What You Need To Know About Ransomware
As new generations of highly sophisticated ransomware threaten data security with increasing stealth and ferocity, protecting yourself from this insidious cyber crime wave can feel like an uphill battle.
A tactic once primarily launched via email phishing, ransomware authors have honed their powers of deception. Today, they embed malicious ransomware programs in every-day business and marketing communications that are not likely to raise red flags among unsuspecting users.
And the perpetrators are raking it in — meaning the ransomware crime wave is unlikely to abate anytime soon. A recent Bromium study reports that the prevalence of ransomware more than doubled in 2015, with one type of ransomware, Cryptowall 3.0, making over $325 million from US victims alone.
In this kind of environment, you need to keep your guard up. Here are some of the more common tactics ransomware authors are using to take data hostage and steps you can take to prevent it.
Infecting advertising links with malware is an increasingly common ransomware tactic. Called “malvertizing,” it tricks users into clicking on advertising links that activate malicious software on the targeted device, from which it can spread to other connected devices and operating environments.
Data stored in the cloud is not immune to ransomware attacks and is even more vulnerable when the cloud drive is shared, because an infection on a single device can scramble the code on data across the shared drive. In cases like these, entire company files are at risk of being compromised, increasing their value as potential sources of ransom money.
A full 80% of vulnerabilities to ransomware were linked to Adobe Flash last year, making the popular video player a favorite target for infections.
Ransomware has expanded their targets from just PCs to wherever the data lies — including mobile devices and web servers — the latter of which are particularly lucrative targets at organizations that fail to regularly backup their web data.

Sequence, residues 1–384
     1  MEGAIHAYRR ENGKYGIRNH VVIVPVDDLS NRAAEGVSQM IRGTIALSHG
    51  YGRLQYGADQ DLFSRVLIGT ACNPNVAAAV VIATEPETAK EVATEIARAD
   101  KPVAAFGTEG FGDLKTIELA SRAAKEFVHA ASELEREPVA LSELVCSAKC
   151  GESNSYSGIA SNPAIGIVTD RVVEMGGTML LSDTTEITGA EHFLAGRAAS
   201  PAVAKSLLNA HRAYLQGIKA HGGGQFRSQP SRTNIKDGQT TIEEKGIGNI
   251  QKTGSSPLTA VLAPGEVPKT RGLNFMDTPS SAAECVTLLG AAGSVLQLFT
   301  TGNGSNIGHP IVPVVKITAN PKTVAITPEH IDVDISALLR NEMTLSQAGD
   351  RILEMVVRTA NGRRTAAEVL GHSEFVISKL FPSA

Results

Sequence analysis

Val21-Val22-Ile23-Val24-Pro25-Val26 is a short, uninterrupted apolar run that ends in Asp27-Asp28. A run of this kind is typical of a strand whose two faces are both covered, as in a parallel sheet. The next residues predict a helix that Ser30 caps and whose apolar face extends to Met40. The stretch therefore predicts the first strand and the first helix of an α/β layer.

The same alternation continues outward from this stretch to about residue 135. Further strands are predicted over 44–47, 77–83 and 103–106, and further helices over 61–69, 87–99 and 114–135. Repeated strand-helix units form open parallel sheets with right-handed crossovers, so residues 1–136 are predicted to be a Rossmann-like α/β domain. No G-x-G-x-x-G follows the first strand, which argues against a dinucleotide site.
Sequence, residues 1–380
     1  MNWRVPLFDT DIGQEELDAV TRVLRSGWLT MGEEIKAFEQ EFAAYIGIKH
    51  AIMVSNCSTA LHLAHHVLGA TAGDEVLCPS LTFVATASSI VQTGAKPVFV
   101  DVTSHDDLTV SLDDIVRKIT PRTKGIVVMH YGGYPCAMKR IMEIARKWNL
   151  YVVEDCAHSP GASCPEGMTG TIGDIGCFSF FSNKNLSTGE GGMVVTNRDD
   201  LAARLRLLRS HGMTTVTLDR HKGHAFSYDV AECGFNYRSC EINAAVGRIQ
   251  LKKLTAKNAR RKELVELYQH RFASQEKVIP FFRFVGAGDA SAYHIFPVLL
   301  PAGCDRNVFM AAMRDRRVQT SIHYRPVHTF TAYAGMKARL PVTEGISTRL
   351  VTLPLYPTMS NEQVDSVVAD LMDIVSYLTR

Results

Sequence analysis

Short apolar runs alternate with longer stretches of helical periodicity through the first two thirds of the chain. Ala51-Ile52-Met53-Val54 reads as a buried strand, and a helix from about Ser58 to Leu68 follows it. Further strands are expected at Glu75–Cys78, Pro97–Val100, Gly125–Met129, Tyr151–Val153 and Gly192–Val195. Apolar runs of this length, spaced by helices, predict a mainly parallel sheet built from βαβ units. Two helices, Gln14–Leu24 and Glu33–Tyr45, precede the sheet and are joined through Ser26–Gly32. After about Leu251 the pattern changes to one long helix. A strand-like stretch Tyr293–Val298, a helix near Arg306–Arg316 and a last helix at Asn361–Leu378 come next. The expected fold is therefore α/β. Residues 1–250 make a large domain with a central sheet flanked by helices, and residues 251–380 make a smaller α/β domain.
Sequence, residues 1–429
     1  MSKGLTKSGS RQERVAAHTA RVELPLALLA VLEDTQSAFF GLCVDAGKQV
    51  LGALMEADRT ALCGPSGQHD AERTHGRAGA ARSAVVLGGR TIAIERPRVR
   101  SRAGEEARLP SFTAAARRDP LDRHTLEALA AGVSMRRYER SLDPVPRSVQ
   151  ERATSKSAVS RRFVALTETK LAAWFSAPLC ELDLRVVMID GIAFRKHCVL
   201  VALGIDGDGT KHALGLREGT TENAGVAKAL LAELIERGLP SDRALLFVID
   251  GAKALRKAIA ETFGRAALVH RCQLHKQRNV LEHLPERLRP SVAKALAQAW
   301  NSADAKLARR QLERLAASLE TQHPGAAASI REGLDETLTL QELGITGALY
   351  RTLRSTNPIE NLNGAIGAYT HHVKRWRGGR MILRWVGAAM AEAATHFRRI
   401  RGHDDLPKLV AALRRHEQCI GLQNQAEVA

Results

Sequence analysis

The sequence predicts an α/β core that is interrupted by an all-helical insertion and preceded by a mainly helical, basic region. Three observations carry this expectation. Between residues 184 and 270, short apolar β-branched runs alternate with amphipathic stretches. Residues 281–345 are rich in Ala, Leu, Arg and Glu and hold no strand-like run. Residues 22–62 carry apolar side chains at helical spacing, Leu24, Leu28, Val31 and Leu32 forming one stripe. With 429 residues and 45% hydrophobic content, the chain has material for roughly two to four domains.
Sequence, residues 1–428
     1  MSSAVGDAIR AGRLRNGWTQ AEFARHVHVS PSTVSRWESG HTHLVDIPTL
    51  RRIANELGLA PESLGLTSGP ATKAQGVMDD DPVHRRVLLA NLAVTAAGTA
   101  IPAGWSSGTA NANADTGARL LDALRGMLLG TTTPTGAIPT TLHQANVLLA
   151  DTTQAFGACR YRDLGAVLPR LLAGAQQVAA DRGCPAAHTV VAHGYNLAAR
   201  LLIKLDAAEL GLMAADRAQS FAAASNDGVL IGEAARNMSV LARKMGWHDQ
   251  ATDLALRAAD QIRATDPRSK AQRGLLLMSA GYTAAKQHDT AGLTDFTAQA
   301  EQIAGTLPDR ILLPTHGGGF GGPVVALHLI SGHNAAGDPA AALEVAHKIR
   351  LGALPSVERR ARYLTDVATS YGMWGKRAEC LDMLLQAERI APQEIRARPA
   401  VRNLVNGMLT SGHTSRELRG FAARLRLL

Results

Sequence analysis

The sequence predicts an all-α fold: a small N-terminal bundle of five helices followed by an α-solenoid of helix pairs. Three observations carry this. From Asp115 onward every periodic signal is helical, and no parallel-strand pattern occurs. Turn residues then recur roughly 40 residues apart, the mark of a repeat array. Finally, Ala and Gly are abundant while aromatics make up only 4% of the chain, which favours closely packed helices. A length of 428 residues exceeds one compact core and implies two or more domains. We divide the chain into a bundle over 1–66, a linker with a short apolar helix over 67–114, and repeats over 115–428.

Ransomware Mitigation Steps
Though the aggressions and pervasiveness of ransomware make it seem unstoppable, there are basic security steps organizations can take to mitigate the risks:
- Back It Up: Regular and complete backups of your data using multiple storage tools mean that you can keep access to your stored data even if it is compromised, which is useful beyond just fighting ransomware.
- Stay Updated: Perform regular software updates and patches whenever new vulnerabilities arise.
- Limit Log-Ins: The fewer people who have the credentials to access a device, server or website, the lower your chances of someone downloading malicious software that could compromise data.
- Beware File Extensions: Ransomware creators are getting better at obscuring the file extension of their tools beyond the “.exe” file extension, which means you have to get better at training users to understand the different types of files they may come across. Prohibiting use of the “Hide Extensions” feature is a first step to helping users avoid opening suspicious files.
How Susceptible Are You To Ransomware?
Beyond mitigation, it’s always smart to test the effectiveness of your cybersecurity to detect the existence of ransomware and other malware in your network environment. Request a demo of SLAIT security services when you’re ready to assess your network and identify solutions to address potential threats.